Spring is typically when the residential real estate market comes to life and new listings proliferate—but perhaps not this year, given that inventory is at a serious low. (According to national real estate brokerage Redfin, the Chicago area had only 28,261 homes for sale in December, down 27.2 percent from a year earlier.) We asked two brokers who specialize in the luxury market—Baird & Warner’s Gail Missner and Related Realty’s Kathleen Malone—how buyers can spring forward right now.
How is low inventory impacting the market?
KATHLEEN MALONE: We can’t get people in the door fast enough. Brokers have to be on top of inventory, and buyers have to be serious and make their offers quickly—almost always on the spot. GAIL MISSNER: And they have to strategize with their brokers. One recent sale I worked on wasn’t even on the market. A broker who knew a building was hot asked the owners of its penthouse if they would sell, then she called all the brokers she knew with clients that were interested in the building. It sold in a few days for close to $5 million.
What kinds of apartments are hot these days?
KM: The trend before the “fall” was to cram them all in; developers built big buildings with a few hundred units. But now everyone wants smaller buildings with large floor plans.
The entrance to 35 East Elm Street
What are examples of smaller buildings? KM: Eleven East Walton Street, formerly The Elysian, only has 51 units; 840 North Lake Shore Drive has 73; and 50 East Chestnut Street has 34. The latter only has full-floor units, and one just sold for $600,000 more than it cost a few years ago. GM: These smaller buildings are extremely rare, and many developers don’t even list them on the MLS because they don’t need to. Fenton Booth of Ogden Partners is completing a 14-unit building at 416 and 422 West Deming Place with units that range from two-bedrooms for $775,000 to a four bed penthouse for $1.9 million; it’s almost sold out.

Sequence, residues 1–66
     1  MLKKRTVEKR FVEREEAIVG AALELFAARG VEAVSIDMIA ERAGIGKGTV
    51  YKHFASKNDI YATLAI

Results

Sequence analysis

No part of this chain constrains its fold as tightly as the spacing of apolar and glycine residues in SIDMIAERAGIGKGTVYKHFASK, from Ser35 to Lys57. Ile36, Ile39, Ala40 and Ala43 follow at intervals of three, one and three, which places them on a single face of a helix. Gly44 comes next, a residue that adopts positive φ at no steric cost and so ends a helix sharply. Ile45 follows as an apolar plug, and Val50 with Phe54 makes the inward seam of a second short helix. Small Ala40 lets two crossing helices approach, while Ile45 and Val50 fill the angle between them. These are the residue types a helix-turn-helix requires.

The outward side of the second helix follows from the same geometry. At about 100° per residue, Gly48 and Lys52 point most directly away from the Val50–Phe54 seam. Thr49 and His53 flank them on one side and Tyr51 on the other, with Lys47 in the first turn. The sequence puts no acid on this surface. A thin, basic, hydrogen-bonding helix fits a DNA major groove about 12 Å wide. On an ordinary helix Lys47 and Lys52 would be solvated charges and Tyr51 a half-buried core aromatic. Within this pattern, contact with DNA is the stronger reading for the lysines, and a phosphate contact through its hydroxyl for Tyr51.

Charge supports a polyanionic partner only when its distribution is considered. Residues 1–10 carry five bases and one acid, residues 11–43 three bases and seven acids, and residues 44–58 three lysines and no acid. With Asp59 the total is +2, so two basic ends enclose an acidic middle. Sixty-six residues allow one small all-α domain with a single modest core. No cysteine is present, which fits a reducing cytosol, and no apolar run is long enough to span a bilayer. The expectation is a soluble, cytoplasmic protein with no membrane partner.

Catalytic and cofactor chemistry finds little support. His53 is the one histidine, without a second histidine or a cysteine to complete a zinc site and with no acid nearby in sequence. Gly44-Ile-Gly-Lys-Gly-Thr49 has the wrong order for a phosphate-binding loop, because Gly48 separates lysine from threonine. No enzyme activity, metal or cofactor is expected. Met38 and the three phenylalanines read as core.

What about single-family homes? KM: By the time something shows up on the MLS, it’s gone because there’s so little inventory. Everyone wants at least three-bedroom, three-and- a-half-bath homes with finished basements. GM: And if you look in Lincoln Park or for four bedrooms, that puts you in a whole different strata. Each additional bedroom and bathroom can add $100,000 and up to the purchase price. So what can serious buyers do? GM: Building is picking up again, but if you can’t afford to wait, you need a well-connected broker who really stays on top of the market. KM: And you have to be prepared to pay asking price. Gone are the days of negotiating, at least for now. Kathleen Malone, Related Realty, 350 W. Hubbard St., 773-600-1551. Gail Missner, Baird & Warner, 737 N. Michigan Ave., 312-804-1922